There is one major difference, however, in this narrative conveying David’s call for a census when comparing 1 Chronicles 21 to 2 Samuel 24.
Then Satan stood up against Israel and moved David to number Israel, (21:1).
Now again the anger of the Lord burned against Israel, and it incited David against them to say, “Go, number Israel and Judah,” (2 Samuel 24:14).
Wait! Is there some horrific error in God’s Word regarding who moved David? Of course not, for God is Sovereign; it is God alone Who declares the end from the beginning, and His purpose will be established.
“Remember the former things long past,
For I am God, and there is no other;
I am God, and there is no one like Me,
10 Declaring the end from the beginning,
And from ancient times things which have not been done,
Saying, ‘My purpose will be established,
And I will accomplish all My good pleasure’”; (Isaiah 46:9-10).
So how do we reconcile these two explanations regarding the impetus behind David’s action? It seems that something God did in His anger displeased David (as if we ever have a right to judge His activity). And in his response to the righteous anger of Holy God, David found himself face to face with a scheme of the enemy.
Put on the full armor of God, so that you will be able to stand firm against the schemes of the devil. 12 For our struggle is not against flesh and blood, but against the rulers, against the powers, against the world forces of this darkness, against the spiritual forces of wickedness in the heavenly places, (Ephesians 6:11-12).
Can’t you almost hear the voice of the enemy whispering in David’s ear the same words uttered to Eve in the garden? “Did God really say…?” (Genesis 3:1 NIV).
Sin is often birthed through one of the enemy’s most prolific schemes: doubt. Doubting His Word, doubting His goodness, doubting His faithfulness and ability. But ultimately it is our choice. Believe God in faith or react in doubt.
And ultimately in his struggle to number his army, it was to be David’s choice. Obey God, even when questioning His judgments, or succumb and be moved by the enemy.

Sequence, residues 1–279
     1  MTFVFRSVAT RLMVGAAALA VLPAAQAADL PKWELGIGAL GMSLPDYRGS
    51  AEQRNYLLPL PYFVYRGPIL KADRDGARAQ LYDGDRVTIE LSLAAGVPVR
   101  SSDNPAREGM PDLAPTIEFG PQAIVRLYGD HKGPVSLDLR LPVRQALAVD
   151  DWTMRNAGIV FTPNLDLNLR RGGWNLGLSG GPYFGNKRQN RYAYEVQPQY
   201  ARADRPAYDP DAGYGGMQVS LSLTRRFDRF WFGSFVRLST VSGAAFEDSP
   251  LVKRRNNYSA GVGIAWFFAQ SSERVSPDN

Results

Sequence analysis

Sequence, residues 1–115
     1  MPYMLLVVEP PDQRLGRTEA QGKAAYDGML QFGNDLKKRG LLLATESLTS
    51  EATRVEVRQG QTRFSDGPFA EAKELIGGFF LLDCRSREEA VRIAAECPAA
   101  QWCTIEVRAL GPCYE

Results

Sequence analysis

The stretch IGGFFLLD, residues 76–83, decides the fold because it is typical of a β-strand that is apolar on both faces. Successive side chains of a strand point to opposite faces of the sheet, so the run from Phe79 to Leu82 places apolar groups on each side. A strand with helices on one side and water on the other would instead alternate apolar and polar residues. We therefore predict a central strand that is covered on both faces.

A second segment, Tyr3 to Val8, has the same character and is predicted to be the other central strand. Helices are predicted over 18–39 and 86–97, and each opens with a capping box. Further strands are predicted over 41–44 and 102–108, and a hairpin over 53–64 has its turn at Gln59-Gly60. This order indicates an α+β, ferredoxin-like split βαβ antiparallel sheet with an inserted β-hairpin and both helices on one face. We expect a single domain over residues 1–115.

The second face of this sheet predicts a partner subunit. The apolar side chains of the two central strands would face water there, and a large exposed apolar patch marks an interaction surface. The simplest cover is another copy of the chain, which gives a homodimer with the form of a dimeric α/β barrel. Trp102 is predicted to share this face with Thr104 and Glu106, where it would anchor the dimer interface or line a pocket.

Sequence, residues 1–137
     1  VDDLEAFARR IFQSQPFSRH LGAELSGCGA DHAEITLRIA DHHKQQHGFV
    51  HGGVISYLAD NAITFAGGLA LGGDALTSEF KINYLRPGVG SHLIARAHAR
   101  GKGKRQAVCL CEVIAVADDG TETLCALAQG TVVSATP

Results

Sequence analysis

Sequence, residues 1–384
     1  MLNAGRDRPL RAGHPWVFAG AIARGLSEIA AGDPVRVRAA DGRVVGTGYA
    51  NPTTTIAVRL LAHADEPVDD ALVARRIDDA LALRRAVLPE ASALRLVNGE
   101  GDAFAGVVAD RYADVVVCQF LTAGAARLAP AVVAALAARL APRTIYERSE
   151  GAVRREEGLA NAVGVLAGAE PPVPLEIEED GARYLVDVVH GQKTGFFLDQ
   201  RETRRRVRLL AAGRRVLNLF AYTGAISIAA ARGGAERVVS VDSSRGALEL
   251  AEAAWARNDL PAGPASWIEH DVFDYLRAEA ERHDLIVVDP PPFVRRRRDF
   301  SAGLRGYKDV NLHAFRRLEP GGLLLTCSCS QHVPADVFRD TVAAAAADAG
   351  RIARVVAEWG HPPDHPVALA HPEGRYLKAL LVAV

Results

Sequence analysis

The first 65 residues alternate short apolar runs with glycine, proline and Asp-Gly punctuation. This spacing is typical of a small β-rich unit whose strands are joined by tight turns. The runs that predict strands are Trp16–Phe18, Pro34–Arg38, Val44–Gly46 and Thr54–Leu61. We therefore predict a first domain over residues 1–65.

When we are faced with the enemy’s schemes and the lure of going our own, we must take our stand in His Truth, and in humility take the way of escape offered to us by His Great Hand of Mercy.
Therefore, take up the full armor of God, so that you will be able to resist in the evil day, and having done everything, to stand firm, (Ephesians 6:13).
No temptation has overtaken you but such as is common to man; and God is faithful, who will not allow you to be tempted beyond what you are able, but with the temptation will provide the way of escape also, so that you will be able to endure it, (1 Corinthians 10:13).
His way of escape is continuously available to us in His Holy Scriptures as His Holy Spirit enables us to place our faith in His Great Hand of Mercy each and every day. And as we consider His Great Hand of Mercy, may we be ruined for the ordinary and positioned in unwavering faith so that our whole selves become an offering to Him in gratitude, worship and awe!
Therefore I urge you, brethren, by the mercies of God, to present your bodies a living and holy sacrifice, acceptable to God, which is your spiritual service of worship. 2 And do not be conformed to this world, but be transformed by the renewing of your mind, so that you may prove what the will of God is, that which is good and acceptable and perfect, (Romans 12:1-2).